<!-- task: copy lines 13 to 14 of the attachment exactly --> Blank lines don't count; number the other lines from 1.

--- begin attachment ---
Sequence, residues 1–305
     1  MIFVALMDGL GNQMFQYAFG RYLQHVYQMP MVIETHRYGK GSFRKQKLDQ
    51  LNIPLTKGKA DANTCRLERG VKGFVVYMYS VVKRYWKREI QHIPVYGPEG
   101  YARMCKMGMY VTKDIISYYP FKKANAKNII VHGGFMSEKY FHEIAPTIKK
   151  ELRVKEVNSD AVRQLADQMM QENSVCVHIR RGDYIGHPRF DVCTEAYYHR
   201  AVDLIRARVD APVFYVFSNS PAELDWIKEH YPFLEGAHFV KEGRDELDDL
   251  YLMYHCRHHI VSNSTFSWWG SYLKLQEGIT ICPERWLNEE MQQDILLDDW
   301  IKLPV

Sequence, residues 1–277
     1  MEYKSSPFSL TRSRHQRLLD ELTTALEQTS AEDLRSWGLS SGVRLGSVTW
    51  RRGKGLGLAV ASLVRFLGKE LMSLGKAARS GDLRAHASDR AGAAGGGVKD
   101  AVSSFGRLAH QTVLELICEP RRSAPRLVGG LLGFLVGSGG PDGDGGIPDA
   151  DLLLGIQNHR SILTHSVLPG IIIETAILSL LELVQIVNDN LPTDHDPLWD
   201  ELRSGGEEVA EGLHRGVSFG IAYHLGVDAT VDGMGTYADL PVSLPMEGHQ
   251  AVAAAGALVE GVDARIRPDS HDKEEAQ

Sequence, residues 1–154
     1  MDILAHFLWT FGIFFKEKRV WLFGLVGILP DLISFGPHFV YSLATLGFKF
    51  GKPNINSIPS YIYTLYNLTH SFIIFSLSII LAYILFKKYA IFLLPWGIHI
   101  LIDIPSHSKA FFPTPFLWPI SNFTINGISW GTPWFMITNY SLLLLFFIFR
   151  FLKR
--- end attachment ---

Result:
   151  DLLLGIQNHR SILTHSVLPG IIIETAILSL LELVQIVNDN LPTDHDPLWD
   201  ELRSGGEEVA EGLHRGVSFG IAYHLGVDAT VDGMGTYADL PVSLPMEGHQ